SIR JOHN FROISSART
Chronicles of England, France, Spain and the adjoining countries
from the latter part of the reign of Edward II to the coronation of Henry IV. Vol.1
places, without meeting any level country. On the
fummits of the mountains, and in the valleys, were
large marihes and bogs, and of fuch extent, that it.
was a miracle many were not loft in them ; for each
gallopped forwards without waiting for either com
mander or companion : thofe who fell into them
found difficulty in getting any to help them. Many
banners remained there, and feveral baggage and
fumpter horfes never came out again.
In the courfe of the day, there were frequent
cries of alarm, as if the foremoft ranks were en
gaged with the enemy ; which thofe behind believing
to be true, they hurried forward as fail as poffible
over rocks and mountains, fword in hand, with
: their helmets and ihields prepared for fighting,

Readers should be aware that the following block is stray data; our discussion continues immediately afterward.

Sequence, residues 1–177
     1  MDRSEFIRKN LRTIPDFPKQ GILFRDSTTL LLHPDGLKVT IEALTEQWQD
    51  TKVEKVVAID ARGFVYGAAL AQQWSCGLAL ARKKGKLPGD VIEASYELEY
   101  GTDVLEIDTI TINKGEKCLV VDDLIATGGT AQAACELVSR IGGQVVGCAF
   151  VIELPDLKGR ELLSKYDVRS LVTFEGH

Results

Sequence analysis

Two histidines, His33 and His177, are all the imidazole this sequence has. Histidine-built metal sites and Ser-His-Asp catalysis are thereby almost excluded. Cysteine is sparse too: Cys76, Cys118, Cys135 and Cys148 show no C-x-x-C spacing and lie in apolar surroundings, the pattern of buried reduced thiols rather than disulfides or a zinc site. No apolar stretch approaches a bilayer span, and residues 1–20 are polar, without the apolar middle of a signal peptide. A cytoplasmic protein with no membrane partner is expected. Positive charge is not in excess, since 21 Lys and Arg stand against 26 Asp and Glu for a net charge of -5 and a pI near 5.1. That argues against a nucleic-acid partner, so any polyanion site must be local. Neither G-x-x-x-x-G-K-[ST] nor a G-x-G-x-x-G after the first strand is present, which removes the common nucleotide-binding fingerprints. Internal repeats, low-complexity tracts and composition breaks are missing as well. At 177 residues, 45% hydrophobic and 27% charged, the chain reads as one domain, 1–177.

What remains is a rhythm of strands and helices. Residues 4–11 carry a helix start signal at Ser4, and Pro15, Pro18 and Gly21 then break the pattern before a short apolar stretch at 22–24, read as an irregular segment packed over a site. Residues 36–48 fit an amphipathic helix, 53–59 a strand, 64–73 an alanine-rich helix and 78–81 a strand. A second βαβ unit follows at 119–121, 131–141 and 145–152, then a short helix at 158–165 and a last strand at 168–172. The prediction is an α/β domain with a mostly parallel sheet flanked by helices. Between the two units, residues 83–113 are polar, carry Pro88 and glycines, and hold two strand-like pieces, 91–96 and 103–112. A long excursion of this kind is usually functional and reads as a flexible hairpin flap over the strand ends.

without waiting for father, brother, or friend.
When they had haftened about half a league
towards the place from which the noife came, they
found themfelves difappointed, as the cries pro
ceeded from fome herds of deer or other wild
beafts, which abounded in thefe heaths and defert
places, and which fled before the banners, purfued
by the ihouts of the army, which made them imagine
it was fomething elfe.
In this manner, the young king of England,
agreeably to the advice of his council, rode all that
day over mountains and deferts, without keeping
to any fixed road, or finding any town.
About vefpers, and forely fatigued, they reached
the Tyne, which the ' Scots had already croiTed,
though the Engliih fuppofed they had it ftill to re
pafs. Accordingly, they went over the ford, but
E 2 with